Does the player have to type the commands of the game? Does it use the mouse/a game controller/a special peripheral?

You can either read below or check the attached instructions. Please make an offer you can carefully follow the instructions and deliver a well-written paper.

Choose a single video game. Break it down and describe it accurately and comprehensively using the categories below. You may choose any video game you wish (except any of The Sims).

Context Categories
– Game Developer/Studio; Artists, Designers, Programmers, Writers (or whoever is relevant).

The creative team of a game is important, particularly in the case where it connects to
other relevant games they worked on before or after this game. Some development
studios or designers have certain trademarks, or specialize on a particular genre (e.g.
Valve, Square Enix or Will Wright), so choosing one of their games can mark a specific
time in the evolution of their games.

– Game genre and related games
A game genre usually has a set of established conventions behind it, such as First Person
Shooters, adventure games, real-time strategy games or Role-Playing Games.
Establishing the game within a genre can help determine, for instance, why it is like other
games of the same type, or what is innovative about it. If the game partakes of
conventions from different genres, that can also be a way of explaining what sets it apart
from other games. The relations to other game genres do not have to be exclusively
digital–board and card games, as well as other traditional games, can be the origins of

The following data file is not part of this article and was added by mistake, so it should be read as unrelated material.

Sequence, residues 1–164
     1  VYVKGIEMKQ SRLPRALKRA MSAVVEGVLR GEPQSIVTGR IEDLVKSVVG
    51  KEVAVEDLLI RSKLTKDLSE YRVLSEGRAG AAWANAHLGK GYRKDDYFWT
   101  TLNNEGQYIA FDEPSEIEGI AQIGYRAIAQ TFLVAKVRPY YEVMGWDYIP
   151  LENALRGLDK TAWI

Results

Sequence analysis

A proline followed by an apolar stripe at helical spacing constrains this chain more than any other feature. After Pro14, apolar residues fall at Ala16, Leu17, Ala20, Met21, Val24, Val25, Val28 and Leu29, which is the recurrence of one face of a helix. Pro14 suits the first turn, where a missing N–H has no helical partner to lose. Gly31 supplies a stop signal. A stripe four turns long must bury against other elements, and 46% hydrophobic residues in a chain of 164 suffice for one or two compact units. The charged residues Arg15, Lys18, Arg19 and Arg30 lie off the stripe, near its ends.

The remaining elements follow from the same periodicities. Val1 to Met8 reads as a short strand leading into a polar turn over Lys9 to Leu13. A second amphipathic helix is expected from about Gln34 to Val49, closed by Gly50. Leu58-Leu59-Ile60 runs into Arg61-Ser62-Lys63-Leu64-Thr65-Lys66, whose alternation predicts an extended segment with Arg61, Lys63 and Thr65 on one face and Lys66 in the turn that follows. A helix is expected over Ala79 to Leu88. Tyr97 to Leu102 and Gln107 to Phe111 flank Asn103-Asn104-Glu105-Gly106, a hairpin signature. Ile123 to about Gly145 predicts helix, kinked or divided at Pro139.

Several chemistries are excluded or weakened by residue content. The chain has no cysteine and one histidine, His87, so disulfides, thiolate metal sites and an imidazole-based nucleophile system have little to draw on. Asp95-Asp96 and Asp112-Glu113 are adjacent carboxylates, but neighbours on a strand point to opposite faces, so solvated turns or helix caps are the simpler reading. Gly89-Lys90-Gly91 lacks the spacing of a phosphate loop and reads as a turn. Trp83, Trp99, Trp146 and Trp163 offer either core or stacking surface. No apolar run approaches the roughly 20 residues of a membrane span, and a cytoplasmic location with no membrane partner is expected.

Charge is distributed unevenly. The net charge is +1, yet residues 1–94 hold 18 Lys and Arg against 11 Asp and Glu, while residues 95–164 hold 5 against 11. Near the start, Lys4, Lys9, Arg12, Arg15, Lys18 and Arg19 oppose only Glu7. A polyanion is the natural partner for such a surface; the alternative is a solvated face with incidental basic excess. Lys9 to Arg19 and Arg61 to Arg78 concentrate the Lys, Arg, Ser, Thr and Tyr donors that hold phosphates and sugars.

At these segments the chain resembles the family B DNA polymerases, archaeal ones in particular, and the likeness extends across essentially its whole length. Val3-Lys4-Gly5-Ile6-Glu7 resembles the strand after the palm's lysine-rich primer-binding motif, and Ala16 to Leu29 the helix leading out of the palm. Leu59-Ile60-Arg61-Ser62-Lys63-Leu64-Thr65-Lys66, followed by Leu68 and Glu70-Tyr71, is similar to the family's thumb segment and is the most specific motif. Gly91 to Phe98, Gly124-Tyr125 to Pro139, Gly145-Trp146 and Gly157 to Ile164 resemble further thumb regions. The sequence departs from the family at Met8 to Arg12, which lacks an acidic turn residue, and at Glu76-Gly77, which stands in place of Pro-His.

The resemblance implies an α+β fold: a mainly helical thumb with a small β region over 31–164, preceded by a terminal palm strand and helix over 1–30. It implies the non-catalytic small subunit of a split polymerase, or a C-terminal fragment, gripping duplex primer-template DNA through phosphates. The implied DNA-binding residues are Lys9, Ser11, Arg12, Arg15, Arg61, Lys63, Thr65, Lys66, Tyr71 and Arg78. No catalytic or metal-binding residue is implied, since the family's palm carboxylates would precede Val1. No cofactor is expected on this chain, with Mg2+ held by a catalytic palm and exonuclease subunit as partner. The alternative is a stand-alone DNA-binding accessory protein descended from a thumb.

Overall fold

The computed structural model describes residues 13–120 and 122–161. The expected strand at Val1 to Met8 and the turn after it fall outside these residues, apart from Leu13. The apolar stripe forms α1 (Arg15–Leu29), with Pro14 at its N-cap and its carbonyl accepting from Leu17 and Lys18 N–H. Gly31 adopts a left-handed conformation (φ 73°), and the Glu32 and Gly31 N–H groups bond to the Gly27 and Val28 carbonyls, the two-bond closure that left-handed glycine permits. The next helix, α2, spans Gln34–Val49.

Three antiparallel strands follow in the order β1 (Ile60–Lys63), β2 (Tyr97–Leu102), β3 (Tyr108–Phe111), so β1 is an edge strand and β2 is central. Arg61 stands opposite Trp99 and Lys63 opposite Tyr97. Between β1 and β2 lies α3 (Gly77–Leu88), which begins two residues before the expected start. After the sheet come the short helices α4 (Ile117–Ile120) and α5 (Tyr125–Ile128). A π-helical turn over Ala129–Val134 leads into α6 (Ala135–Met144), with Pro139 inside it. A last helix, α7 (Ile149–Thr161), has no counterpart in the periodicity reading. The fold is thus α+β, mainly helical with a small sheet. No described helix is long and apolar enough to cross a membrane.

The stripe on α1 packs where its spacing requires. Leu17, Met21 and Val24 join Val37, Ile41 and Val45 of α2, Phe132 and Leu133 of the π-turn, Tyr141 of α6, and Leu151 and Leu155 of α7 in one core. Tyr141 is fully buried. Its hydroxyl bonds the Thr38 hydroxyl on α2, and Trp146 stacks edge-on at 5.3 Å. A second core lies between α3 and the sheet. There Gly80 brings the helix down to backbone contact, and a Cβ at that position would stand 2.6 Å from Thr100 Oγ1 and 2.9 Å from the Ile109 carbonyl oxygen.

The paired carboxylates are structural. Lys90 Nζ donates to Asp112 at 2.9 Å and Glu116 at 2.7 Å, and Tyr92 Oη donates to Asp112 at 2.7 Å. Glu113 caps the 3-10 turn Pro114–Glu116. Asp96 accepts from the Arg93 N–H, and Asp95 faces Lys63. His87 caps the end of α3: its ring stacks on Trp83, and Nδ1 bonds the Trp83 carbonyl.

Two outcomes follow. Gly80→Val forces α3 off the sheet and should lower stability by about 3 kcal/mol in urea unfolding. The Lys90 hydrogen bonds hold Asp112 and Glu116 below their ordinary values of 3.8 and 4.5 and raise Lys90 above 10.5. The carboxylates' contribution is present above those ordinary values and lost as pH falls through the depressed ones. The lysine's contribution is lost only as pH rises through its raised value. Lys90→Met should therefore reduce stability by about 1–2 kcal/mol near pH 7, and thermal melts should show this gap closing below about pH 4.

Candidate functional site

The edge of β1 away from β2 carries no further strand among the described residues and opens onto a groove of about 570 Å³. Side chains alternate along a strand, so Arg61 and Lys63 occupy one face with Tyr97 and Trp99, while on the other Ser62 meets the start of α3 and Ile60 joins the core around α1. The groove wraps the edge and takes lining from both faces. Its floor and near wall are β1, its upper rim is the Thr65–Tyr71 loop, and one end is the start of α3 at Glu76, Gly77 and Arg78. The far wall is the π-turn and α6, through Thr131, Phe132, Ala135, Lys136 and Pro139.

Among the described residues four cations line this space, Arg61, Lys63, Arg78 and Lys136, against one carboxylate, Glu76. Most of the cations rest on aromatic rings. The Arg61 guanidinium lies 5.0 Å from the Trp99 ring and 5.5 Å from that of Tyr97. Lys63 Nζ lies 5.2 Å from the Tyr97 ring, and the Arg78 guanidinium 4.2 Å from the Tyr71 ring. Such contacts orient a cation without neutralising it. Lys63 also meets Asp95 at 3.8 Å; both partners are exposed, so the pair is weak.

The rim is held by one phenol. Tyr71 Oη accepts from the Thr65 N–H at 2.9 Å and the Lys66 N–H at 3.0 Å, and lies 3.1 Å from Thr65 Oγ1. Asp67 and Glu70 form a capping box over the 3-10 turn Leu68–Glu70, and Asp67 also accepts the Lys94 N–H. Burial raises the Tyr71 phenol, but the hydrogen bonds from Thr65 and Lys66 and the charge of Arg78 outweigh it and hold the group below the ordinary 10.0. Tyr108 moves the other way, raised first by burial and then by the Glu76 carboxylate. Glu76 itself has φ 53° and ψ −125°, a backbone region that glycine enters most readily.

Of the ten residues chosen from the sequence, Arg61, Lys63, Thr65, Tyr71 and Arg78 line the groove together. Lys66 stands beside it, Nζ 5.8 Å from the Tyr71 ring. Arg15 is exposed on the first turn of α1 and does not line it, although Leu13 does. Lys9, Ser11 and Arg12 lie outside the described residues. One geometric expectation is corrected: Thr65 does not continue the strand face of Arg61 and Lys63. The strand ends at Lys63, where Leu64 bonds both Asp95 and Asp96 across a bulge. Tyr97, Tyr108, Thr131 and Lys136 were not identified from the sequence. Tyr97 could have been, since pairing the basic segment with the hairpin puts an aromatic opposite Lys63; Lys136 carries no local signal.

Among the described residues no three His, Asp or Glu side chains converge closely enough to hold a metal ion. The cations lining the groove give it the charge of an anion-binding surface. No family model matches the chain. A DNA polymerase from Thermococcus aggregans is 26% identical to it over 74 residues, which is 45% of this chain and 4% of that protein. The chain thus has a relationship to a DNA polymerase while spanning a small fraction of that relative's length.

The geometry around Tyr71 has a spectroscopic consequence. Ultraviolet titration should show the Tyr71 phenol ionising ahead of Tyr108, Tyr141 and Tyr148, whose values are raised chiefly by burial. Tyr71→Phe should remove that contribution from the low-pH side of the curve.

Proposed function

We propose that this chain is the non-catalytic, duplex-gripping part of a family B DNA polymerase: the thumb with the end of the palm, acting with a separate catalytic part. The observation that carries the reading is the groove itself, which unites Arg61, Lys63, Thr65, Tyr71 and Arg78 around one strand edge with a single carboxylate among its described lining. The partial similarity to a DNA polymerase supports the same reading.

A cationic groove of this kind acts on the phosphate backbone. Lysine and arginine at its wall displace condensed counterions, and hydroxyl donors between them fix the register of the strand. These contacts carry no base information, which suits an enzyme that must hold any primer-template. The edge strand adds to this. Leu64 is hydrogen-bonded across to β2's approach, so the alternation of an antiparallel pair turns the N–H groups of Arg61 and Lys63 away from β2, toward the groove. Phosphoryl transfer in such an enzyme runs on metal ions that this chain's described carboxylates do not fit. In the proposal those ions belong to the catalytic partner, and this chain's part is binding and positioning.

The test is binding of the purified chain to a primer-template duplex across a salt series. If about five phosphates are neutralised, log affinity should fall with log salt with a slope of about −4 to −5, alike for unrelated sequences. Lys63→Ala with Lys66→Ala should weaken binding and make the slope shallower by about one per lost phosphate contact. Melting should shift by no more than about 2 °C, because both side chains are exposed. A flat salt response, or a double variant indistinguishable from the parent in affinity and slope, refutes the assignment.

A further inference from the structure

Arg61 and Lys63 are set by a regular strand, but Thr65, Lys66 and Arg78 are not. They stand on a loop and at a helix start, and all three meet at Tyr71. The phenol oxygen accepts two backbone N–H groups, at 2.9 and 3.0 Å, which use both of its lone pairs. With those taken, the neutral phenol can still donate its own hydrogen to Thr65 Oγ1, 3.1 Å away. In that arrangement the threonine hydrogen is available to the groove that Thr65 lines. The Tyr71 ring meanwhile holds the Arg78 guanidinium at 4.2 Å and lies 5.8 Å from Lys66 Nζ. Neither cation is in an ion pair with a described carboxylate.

certain mechanics.

– Technological context

2 What platform(s) was the game developed for? It is important to note which version of
the game you are playing, e.g. Assassin & Creed for the DS is a different game from the
PS3 version.

– Socio-historical context
When was the game made? It’s different to analyze a game from the 70s, when
videogames were almost exclusively played in arcades, than a recent game, now that
videogames start to enjoy a more general acceptance in cultural terms. Where was it
released first?

– Audience
Who is the game intended for? Is there a particular age or national demographic? Games
can create communities around them, at times fostered by the developers themselves.
– Relations to other media

Is the game part of a franchise, a tie-in with a work in another medium (e.g. Lost – Via
Domus, Wall-E)? Is it an adaptation of the work in another medium, or is it only using the
same characters and settings?

Game Overview Categories
– No. of Players
(single player/multi-player/MMO) Can you choose the number of players? Does it have
different modes depending on the number of players? If there is more than one player, do
they play simultaneously or do they take turns?

How does the game establish a fictional world? How does it relate to the rules and goals
of the game? If the game has a strong story component, you may summarize its premise;
however, you should avoid retelling of the story of the game.

– Description of Gameplay:
What do you do in the game? Focus on the core mechanics: what are the most recurring
actions in the game? You can think of this in terms of verbs: what are the main verbs of
the game? For example, in Super Mario Bros. the verbs would be run, jump, pick up,
slide down, stomp. In Tetris, the verbs would be rotate, drop, clear.

– Spaces of the game
Where does the game take place? How does the player navigate the space? How does the
game encourage exploration of the space, if at all?

– General gameplay experience
This section is a tricky one, since your experience will probably be different from other
people&. Your skills or game knowledge affect the way you play the game. Say a few
words here about what it feels like to play the gametone, rhythm, affect.

3- Gameworld rules